Step 1: Materials
Just about anything that is vaguely fiberlike can be spun. The most common fibers used for handspinning are sheep's wool, cotton, silk, alpaca, mohair (from angora goats), and angora (from angora rabbits). In my opinion, the easiest to learn to spin is sheep's wool, although the principles are the same for spinning any fiber.
You'll want to work with prepared sheep's wool, known as roving, which has been washed to remove excess lanolin (grease) and carded or combed to orient all the individual fibers in the same direction. You can find roving at your friendly local yarn store, or from several online retailers. I like to peruse etsy.com for handpainted roving, myself. Try to avoid "top" for now, which is wool that has been combed to leave only the longest fibers, which makes things more difficult for the beginner, although it is delightful to spin with a little practice under your belt!
The wool pictured in this instructable is a Romney and Merino blend (these are breeds of sheep.)
At it's simplest, a spindle is really just a stick with a weight on it somewhere (aka a whorl.) Drop spindles come in two main flavors: top whorl, and bottom whorl, cleverly named for the location of the whorl on the spindle. Spindles also come in many different weights, but I recommend starting with a spindle that is around 2-3 ounces.
The spindle pictured is a top whorl 1.5 oz spindle, although you could also use a bottom whorl, or even the spindle that stores your CDRs. Here is an instructable that will show you how to make a spindle from a CDs, a dowel, and a hook: https://www.instructables.com/id/Drop_Spindle_Constrution. You can also find spindles from online retailers or at your local yarn store.
Step 2: Pre-draft
Keep gently stretching out the roving until it is at least twice as long as the original length.
Step 3: Fiber Management
This is essentially serving the same purpose as a distaff, although for our purposes and small amount of fiber, a wrist will do just fine.
Step 4: Attach a Leader
Before introducing any fiber into the equation, you can give your spindle a (clockwise) spin by twirling the shaft below the whorl and letting it hang from the leader. Look how the spindle keeps going for some time before the twist in the yarn fights back and slows it down. High Tech!
Step 5: Join Fiber to Leader
Step 6: Park and Draft
Bring your right hand up to meet your left, and pinch where the twist ends, freeing up your left hand to move back. The fiber between your hands is called the "drafting triangle." The amount of fiber in the drafting triangle will determine the thickness of the finished yarn. If you want a thinner yarn, draft out the fiber in the triangle more. When you are satisfied with the thickness of the drafting triangle, release your front (right) hand, letting the twist run up into the triangle, and making yarn!
Repeat this process, moving the front hand up to the new end of the twisted section, moving your left hand back, drafting, and letting twist into the newly drafted fiber. When you want to add more twist, hold the yarn with your left hand at the bottom of the drafting triangle, where fiber turns into yarn - it is important to keep a leash on that twist. Use your free hand to spin the spindle, building up more twist, and park it again. Keep going until you have a foot or two of yarn, then go on to the next step.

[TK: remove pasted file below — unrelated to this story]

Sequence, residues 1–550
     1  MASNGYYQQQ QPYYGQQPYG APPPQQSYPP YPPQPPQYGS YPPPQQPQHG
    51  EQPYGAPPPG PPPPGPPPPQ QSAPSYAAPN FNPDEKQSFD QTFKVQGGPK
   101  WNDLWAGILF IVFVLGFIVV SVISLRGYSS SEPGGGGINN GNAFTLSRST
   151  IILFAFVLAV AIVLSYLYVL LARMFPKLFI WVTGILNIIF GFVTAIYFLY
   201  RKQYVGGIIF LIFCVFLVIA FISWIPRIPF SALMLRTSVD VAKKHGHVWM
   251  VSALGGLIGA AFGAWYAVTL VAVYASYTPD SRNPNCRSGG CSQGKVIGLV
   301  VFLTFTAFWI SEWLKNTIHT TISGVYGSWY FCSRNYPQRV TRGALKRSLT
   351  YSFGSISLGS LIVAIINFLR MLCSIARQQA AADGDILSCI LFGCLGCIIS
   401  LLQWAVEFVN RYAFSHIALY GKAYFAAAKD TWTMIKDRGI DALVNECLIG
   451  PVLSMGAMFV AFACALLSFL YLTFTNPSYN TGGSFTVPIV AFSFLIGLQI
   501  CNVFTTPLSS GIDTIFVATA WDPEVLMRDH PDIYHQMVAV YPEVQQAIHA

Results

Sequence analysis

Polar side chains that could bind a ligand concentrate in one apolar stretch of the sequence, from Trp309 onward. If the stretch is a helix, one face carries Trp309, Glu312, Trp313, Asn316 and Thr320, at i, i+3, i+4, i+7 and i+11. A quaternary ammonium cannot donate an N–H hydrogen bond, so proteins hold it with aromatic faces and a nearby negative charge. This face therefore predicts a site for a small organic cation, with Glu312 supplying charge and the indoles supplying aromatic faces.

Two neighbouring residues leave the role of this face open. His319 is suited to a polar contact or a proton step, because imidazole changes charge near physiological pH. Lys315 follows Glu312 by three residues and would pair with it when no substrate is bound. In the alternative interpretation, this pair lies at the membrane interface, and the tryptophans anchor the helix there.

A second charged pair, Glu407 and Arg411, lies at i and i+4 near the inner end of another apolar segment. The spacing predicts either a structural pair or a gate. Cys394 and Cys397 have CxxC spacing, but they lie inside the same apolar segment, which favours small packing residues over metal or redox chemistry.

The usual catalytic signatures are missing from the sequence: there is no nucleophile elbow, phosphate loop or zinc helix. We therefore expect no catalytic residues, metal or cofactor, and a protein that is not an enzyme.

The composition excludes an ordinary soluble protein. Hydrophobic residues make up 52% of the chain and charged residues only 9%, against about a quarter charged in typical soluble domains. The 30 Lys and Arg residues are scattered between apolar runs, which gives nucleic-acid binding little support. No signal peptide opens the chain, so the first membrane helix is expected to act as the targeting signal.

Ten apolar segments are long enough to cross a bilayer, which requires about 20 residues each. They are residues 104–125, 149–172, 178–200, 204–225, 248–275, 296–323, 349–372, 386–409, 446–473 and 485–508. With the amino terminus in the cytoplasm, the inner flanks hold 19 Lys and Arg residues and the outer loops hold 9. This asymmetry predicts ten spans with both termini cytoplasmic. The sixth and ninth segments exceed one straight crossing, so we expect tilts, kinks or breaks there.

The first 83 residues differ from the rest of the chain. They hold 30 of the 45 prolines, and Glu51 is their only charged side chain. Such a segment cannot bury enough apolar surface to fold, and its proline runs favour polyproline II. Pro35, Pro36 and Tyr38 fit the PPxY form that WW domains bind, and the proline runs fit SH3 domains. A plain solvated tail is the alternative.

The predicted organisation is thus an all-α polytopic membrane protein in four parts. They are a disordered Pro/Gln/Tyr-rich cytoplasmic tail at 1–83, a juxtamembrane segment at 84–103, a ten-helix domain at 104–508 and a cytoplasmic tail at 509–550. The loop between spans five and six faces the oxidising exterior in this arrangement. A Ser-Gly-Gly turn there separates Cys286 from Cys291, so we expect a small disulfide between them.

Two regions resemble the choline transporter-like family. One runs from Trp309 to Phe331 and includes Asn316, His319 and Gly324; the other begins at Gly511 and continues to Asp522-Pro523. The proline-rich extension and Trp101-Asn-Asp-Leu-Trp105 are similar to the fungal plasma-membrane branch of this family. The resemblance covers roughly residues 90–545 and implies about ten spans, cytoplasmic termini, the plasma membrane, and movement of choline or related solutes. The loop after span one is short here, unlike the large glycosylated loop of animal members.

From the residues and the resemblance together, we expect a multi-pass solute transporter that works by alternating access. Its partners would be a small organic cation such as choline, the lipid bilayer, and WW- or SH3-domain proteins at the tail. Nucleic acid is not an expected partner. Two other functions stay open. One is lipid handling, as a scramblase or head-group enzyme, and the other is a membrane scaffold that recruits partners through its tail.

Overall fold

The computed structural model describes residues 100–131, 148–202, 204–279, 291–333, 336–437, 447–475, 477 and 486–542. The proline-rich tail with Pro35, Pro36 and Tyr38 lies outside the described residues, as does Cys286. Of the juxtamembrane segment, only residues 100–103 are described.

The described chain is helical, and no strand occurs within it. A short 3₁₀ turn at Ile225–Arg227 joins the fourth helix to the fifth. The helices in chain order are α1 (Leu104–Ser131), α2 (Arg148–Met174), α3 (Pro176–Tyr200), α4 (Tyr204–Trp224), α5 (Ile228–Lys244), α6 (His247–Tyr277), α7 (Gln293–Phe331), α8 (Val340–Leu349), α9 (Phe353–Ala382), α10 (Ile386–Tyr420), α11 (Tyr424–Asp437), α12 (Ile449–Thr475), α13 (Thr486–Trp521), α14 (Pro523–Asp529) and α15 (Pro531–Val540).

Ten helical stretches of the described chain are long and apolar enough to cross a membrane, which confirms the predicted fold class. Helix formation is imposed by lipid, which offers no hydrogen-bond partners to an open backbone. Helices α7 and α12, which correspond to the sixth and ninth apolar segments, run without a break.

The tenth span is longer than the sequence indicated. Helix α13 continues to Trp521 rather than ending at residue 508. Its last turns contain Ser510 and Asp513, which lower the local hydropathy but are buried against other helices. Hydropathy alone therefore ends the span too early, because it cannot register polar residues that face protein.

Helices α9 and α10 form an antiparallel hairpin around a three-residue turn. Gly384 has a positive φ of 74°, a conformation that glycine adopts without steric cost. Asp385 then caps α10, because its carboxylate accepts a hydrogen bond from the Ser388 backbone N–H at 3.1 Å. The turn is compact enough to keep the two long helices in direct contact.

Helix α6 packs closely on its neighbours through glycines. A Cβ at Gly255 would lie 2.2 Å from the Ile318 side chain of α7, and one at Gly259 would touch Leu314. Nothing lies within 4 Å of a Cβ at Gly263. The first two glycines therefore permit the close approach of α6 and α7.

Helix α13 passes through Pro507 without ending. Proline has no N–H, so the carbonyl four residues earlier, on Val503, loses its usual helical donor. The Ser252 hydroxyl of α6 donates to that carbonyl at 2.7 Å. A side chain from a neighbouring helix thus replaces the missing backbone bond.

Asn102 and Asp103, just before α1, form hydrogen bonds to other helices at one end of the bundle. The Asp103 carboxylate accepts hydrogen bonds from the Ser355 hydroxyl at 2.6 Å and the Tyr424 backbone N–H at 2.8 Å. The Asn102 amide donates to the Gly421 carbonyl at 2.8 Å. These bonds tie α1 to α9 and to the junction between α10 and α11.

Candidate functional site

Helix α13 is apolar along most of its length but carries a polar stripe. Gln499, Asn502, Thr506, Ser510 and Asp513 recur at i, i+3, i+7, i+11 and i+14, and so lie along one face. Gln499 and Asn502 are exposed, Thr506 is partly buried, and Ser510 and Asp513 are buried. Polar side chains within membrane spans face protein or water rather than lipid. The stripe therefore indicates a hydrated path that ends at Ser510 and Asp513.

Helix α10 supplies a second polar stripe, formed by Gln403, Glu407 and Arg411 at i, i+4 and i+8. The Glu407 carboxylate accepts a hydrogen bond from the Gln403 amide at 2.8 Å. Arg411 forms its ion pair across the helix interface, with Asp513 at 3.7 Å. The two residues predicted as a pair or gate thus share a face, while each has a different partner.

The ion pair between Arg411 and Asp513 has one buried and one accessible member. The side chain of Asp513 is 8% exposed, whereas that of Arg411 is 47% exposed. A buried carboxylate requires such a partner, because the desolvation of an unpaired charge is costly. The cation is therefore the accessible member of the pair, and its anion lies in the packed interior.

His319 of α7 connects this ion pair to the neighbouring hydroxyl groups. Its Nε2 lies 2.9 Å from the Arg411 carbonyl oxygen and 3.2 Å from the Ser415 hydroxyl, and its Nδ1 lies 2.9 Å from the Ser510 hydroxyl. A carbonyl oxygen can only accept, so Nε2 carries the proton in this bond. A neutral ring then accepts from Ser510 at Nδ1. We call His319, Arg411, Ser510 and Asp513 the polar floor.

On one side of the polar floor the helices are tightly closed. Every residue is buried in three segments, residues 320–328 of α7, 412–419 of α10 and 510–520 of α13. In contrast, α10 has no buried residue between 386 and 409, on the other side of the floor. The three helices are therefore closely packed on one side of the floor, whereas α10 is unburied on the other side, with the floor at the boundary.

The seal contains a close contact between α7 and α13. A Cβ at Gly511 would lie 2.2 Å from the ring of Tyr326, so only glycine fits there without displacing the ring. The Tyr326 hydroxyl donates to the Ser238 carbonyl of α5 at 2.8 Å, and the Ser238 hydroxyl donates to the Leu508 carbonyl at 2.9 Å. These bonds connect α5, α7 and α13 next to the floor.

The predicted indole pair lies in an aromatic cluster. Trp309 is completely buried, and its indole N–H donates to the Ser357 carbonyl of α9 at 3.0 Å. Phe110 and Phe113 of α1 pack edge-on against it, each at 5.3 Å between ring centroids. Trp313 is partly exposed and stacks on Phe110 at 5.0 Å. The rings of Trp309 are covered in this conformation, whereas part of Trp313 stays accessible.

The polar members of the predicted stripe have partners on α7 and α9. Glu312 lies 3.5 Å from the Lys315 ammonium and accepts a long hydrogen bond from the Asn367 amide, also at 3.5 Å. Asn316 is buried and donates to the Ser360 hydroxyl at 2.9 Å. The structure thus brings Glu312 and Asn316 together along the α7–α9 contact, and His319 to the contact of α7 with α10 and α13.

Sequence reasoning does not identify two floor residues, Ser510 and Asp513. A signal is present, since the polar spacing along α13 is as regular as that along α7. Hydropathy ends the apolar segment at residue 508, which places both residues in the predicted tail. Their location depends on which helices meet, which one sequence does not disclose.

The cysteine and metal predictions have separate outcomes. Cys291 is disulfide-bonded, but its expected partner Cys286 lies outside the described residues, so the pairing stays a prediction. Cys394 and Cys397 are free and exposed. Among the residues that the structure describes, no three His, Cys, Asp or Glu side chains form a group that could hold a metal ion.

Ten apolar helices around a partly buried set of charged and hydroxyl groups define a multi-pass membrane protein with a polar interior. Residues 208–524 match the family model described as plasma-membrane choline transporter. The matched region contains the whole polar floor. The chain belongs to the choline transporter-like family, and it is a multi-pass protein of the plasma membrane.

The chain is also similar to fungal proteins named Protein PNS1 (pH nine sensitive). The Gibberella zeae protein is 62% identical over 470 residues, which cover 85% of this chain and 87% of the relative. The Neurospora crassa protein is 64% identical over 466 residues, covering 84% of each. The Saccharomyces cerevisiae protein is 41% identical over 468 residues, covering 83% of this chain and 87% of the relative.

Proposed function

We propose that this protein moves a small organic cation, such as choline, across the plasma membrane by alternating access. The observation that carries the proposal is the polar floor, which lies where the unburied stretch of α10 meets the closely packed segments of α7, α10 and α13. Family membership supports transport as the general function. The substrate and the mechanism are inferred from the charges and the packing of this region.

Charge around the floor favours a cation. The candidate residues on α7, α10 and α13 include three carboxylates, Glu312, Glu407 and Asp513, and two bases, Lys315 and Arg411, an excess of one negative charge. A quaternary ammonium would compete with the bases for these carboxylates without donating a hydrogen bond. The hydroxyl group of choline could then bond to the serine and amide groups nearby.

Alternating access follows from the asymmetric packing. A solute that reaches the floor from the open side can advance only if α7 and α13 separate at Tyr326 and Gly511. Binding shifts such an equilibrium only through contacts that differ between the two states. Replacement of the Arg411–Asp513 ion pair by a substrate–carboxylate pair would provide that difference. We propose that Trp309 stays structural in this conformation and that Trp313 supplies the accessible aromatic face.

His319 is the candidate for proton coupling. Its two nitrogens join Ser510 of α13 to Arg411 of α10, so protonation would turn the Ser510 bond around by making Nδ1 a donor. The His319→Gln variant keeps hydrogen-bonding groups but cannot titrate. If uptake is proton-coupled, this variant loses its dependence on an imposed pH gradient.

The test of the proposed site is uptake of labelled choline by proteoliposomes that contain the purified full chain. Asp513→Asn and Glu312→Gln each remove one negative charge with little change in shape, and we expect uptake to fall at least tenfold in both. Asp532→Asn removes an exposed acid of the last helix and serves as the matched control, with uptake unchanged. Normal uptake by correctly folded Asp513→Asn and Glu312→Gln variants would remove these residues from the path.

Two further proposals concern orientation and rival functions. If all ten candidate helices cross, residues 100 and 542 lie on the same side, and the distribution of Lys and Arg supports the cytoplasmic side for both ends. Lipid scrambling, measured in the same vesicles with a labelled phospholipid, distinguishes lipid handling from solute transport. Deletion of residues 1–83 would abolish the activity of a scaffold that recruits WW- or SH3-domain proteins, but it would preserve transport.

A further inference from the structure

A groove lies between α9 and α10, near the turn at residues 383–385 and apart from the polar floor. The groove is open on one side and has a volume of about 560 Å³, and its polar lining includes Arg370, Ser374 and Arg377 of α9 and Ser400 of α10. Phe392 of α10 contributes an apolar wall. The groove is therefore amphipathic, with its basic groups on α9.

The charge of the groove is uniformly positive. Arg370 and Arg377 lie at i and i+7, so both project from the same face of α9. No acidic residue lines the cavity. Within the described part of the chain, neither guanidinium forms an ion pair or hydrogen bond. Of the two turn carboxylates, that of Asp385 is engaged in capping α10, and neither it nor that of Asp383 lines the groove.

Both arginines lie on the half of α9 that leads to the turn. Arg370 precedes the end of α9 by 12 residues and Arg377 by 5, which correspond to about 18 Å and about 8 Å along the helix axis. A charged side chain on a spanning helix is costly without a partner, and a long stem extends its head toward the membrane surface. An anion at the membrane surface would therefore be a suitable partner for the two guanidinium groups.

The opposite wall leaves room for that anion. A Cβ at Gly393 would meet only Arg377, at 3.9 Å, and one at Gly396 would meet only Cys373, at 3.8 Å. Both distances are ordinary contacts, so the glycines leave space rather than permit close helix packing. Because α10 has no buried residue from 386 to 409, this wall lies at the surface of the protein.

Tip: If you find there is too much twist in your drafting triangle to comfortably draft, try untwisting by rolling the fiber in your right hand. You might also find that you do not have enough twist, and it feels like your yarn could easily be pulled apart, in which case you'll want to add more twist.
Don't worry about how it looks at this point, worry more about how the process feels, and just let your hands do a lot of the understanding.
Step 7: Wind On
Step 8: Add More Fiber
Tease out a few fibers, hold them together with the fiber at then end of your handspun, and add twist until the fibers grip together. Twist is like glue for fibers, and they will magically grip onto each other. Now continue spinning as before.
Step 9: Take Off the Training Wheels
Keep spinning until you have a full spindle!
Step 10: Wind a Hank and Block
You could invest in a niddy-noddy, which is specifically designed for winding yarn into hanks, and is fun to say, but you can also just use your forearm. Wind the yarn off of the spindle and into a series of loops around your thumb and elbow. Tie the ends together, and use scrap yarn to make one or two ties around one side of the hank, which will keep the yarn from getting tangled. Your hank will be all wonky and squiggly. Do not fret.
To block your yarn, submerse it in lukewarm water, gently squeeze out the excess water, snap it between your hands a few times (or some folks even whack it against a hard surface) and hang it for drying. I hang my hanks on doorknobs, or shower curtain hooks. Since this is a single, and has a lot of active twist, you will also want to weigh it down it to help get the kinks out. A spray bottle full of water or other liquid works nicely as a weight, since you can easily hook it onto lower half of the hank. Alternatively, if you happen to possess a yarn swift, you could stretch your hank on that to dry.
You can turn a hank of yarn into a skein by twisting it a few times, folding it in half, and pulling one end through the loop at the other end.
Step 11: Practice Practice
Most importantly, make things with your handspun! In the words of my spinning teacher, Maggie Casey, a spinner who doesn't use their yarn is like a baker who doesn't taste their bread. Knitting, crocheting, or weaving with your handspun will give you valuable feedback, and help you make informed choices during the spinning process.
Spin spin spin!